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McGrath pleads guilty to criminal vehicular homicide

Robert McGrath

Robert Louis McGrath admitted he'd drunk "eight, maybe 10 beers" prior to getting behind the wheel of his Chevy pickup on January 21.

He left the Park Rapids American Legion Club, where he drank his final two beers, swerved over a center line on Highway 34 east of Park Rapids and collided head-on with a pickup truck driven by Dale McDougall in the opposing lane of traffic.

"I don't recall exactly how many I had to drink," McGrath testified Friday afternoon, in pleading guilty to one count of Criminal Vehicular Homicide and Second Degree Driving While Intoxicated.

In a plea agreement, prosecutors will drop a second count of Criminal Vehicular Conduct. Sentencing will be in about a month. At press time, no date had been set.

Friday was the date set for an omnibus hearing, but instead McGrath entered his plea.

His blood alcohol level was .17 percent, according to court records.

"I won't dispute that," the defendant admitted on the witness stand.

McGrath, one month shy of his 50th birthday, entered his plea in Hubbard County District Court before Judge Earl Maus.

McDougall, 53, of Hitterdal, died shortly after being airlifted to a Fargo hospital. McGrath suffered a badly broken leg; doctors at Innovis Hospital in Fargo operated to implant a steel rod in his leg after he was airlifted, just before another helicopter transported McDougall.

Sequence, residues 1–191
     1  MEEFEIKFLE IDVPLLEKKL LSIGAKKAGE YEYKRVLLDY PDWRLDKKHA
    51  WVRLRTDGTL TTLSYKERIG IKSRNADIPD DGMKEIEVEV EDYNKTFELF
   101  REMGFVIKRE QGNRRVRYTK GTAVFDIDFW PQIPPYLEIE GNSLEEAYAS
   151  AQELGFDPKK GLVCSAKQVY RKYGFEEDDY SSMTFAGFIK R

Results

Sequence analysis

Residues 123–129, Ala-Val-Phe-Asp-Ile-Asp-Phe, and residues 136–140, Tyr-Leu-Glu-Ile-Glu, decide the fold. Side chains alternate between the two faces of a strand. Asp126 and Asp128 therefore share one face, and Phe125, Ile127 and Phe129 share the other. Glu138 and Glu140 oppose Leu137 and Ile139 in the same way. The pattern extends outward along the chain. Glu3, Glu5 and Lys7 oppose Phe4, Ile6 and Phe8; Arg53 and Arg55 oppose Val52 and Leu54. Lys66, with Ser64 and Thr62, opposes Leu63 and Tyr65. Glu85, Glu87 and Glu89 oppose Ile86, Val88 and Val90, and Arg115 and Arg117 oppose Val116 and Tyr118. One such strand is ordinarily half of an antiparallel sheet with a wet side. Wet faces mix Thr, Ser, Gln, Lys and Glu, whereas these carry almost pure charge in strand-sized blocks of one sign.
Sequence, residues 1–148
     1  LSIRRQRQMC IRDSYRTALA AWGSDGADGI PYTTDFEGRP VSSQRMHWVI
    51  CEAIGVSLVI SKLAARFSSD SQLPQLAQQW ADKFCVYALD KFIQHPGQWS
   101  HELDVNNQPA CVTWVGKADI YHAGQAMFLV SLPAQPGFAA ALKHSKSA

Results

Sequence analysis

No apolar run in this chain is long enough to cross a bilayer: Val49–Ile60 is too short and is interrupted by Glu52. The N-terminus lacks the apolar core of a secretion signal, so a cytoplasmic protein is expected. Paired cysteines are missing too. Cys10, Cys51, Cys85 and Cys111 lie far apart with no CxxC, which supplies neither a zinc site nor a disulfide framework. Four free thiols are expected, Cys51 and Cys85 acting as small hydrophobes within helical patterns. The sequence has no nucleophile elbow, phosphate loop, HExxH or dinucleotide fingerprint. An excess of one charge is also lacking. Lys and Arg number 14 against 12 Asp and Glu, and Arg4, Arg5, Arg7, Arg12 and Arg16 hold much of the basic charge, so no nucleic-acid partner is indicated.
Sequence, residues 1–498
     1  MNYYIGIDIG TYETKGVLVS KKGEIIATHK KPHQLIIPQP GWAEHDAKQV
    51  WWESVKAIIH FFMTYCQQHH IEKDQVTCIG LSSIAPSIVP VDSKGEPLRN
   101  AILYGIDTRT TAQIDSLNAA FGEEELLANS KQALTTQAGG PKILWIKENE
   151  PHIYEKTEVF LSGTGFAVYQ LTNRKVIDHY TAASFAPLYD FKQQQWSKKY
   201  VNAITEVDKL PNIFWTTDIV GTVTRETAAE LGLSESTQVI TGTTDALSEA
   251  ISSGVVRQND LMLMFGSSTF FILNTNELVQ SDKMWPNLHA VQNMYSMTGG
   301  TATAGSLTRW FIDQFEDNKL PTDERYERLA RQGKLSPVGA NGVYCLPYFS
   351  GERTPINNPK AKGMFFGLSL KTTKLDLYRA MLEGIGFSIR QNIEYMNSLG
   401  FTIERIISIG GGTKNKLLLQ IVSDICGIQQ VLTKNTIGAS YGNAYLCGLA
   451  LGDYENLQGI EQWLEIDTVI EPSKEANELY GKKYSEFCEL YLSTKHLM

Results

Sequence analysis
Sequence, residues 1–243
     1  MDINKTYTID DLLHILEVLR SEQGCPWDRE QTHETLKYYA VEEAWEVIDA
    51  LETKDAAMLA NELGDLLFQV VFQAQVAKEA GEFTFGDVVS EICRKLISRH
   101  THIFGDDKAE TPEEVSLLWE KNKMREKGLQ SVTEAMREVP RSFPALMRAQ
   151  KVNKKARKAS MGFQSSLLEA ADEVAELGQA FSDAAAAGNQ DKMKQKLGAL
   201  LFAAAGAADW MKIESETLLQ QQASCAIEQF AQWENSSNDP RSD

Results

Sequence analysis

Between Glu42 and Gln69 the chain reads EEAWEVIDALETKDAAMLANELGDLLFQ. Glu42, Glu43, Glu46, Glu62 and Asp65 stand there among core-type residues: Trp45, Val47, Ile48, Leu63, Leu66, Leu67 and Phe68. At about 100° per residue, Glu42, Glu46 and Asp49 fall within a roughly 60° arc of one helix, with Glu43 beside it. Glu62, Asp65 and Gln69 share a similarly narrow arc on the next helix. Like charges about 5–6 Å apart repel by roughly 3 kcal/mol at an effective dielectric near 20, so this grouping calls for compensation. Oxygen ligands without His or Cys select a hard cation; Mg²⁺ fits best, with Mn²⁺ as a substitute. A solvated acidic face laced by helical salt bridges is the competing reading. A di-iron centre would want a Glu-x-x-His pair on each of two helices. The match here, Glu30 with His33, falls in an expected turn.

Under questioning by assistant Hubbard County Attorney Erika Randall, McGrath, looking disheveled and frail and still using a crutch to walk with, admitted he operated his vehicle in a negligent manner.

"Yes I did and I'm sorry about it," he said in a barely audible voice. He showed no emotion.

McDougall's widow, Linda, was sitting in the front row of the courtroom with other family members. She declined comment after the plea. But the family members indicated to Maus they will give statements at the sentencing hearing.

The Criminal Vehicular Injury charge carries a maximum penalty of 10 years in jail and/or a $20,000 fine. The DWI charge is punishable by a maximum of a $3,000 fine and/or one year in jail.

There is some disagreement between defense and prosecuting attorneys as to whether the sentences should run consecutively, as Randall suggested, or concurrently, as defense attorney Michael Undem wishes.

Maus asked them to submit brief on their positions.

For sentencing purposes, only two of McGrath's four known prior alcohol-related offenses will count to enhance his sentence. The other charges are outside the 10-year range that applies.

Maus ordered a pre-sentence investigation, which is routine in criminal cases.­